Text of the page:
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Consider your first attempt

When I attempt to use the ip address of machine2 to connect from machine1 I get the following message:

ssh: connect to host [ip_addr] port 22: Connection Timed out

This means that machine1 was able to route to ip_addr and attempt the connection. However, machine2 has a firewall configured to DROP all inbound connection attempts. You need to relax that to allow the connection attempt.

There is a difference between the error message generated when trying to connect to a client where sshd is not listening (or the firewall is set to REJECT incoming connections) and one where the host does not exist (or the firewall is set to DROP incoming connections)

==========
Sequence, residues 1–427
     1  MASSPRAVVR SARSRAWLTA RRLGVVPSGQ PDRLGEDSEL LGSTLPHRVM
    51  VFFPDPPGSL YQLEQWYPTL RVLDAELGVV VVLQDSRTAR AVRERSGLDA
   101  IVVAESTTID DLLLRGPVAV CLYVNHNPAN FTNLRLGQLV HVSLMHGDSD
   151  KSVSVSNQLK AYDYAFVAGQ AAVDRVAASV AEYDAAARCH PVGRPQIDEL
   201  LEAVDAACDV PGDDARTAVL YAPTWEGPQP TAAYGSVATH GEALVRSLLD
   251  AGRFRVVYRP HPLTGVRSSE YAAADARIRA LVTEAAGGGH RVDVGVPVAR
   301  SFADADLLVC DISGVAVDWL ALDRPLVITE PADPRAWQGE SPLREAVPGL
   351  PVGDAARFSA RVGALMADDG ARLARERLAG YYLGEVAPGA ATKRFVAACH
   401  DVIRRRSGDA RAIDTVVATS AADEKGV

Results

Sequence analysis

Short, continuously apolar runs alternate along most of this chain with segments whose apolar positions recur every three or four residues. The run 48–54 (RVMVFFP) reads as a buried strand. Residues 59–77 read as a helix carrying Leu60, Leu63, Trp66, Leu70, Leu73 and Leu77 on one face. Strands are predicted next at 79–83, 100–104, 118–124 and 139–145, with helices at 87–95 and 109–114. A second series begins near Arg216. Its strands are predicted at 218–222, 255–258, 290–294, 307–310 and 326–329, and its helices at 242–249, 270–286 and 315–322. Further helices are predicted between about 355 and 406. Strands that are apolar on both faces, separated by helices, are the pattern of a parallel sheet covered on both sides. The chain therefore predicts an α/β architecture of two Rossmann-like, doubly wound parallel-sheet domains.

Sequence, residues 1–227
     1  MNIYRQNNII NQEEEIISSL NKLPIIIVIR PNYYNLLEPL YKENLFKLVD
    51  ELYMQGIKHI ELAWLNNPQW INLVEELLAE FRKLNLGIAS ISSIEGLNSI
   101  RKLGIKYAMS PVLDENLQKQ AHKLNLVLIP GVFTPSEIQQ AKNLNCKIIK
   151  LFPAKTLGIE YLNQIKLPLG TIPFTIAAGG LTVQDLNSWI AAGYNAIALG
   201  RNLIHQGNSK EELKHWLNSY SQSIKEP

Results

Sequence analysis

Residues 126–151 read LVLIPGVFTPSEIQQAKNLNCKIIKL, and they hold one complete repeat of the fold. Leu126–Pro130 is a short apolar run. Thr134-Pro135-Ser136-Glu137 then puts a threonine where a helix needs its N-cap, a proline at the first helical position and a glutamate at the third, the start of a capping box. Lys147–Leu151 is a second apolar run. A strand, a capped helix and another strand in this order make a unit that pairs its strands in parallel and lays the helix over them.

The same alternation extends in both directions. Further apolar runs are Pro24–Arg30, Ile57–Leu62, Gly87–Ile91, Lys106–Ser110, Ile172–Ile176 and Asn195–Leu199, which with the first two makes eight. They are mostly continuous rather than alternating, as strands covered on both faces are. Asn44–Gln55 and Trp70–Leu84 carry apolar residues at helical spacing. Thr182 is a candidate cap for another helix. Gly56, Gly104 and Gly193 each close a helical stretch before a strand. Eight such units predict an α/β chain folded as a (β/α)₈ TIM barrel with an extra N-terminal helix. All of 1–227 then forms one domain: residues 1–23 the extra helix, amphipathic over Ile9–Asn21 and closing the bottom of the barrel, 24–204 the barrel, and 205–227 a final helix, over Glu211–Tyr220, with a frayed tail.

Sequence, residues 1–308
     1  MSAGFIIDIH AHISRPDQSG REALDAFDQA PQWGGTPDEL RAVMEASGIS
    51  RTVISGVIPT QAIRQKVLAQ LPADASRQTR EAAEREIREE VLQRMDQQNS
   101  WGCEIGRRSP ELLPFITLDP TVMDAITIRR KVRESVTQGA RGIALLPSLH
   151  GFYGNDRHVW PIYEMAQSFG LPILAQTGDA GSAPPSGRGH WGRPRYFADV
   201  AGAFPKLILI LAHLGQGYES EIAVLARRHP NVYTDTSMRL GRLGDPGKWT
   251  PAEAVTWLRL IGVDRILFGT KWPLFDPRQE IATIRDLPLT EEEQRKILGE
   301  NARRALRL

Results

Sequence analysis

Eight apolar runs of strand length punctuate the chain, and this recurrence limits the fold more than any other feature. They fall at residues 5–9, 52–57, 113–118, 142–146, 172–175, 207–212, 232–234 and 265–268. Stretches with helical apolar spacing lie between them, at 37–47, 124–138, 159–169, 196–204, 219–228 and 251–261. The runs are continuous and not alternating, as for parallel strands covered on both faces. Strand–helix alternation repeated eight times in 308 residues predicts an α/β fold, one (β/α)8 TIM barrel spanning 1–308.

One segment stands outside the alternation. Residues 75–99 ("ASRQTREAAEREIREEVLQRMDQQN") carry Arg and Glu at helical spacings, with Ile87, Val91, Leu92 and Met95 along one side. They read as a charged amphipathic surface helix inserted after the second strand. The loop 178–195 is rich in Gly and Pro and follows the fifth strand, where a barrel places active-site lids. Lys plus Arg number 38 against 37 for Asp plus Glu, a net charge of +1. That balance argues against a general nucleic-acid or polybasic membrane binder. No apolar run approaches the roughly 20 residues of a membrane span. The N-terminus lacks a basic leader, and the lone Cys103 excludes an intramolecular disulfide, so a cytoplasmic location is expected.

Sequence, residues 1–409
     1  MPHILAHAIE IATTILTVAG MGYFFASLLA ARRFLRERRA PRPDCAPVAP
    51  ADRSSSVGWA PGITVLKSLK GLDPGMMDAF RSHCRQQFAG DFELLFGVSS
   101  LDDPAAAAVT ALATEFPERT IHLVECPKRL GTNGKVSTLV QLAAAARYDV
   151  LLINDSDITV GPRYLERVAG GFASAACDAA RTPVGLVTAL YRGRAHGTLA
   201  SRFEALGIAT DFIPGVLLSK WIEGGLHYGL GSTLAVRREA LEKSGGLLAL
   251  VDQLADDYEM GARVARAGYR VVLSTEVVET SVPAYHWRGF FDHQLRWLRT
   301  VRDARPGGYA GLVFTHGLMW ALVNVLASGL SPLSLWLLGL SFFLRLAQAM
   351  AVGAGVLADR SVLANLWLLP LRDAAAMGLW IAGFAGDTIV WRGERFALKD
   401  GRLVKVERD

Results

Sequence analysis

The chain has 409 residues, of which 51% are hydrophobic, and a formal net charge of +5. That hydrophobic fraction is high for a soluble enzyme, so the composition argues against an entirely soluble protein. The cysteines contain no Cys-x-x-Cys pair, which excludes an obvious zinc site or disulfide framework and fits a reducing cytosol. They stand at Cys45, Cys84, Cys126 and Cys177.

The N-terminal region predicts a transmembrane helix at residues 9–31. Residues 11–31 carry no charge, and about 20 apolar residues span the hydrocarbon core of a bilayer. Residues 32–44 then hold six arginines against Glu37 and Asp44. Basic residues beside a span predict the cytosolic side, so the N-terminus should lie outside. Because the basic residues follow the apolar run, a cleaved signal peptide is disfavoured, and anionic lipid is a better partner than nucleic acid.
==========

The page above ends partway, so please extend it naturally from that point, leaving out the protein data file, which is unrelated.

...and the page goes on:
ssh: connect to host […] port 22: Connection refused      # Host not listening, or REJECT
ssh: connect to host […] port 22: Connection timed out    # No host, or DROP

Now consider the second attempt

When I attempt to connect to machine2 from machine1 using the hostname I get the following message:

ssh: could not resolve hostname [hostname].local: Name or service not known

This is telling you that machine1 could not resolve the name hostname (did you mean machine2?) to an address, so it didn't know where to try and connect. Enable Bonjour/Avahi on machine2 so that it can advertise its address to machine1.

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  • I think you mean machine1 could resolve the hostname. That is the machine I attempt to connect from. I think you have the machines mixed? Or am I confused? – user138669 Sep 29 '20 at 14:45
  • ufw settings state that communication on port 22 is allowed on both machines. – user138669 Sep 29 '20 at 14:48
  • @user138669 please see the explanation in my answer – roaima Sep 29 '20 at 14:55
  • I turned the firewall off and got the same message. – user138669 Sep 29 '20 at 14:57
  • Is machine1 blocking outbound connections? – roaima Sep 29 '20 at 14:57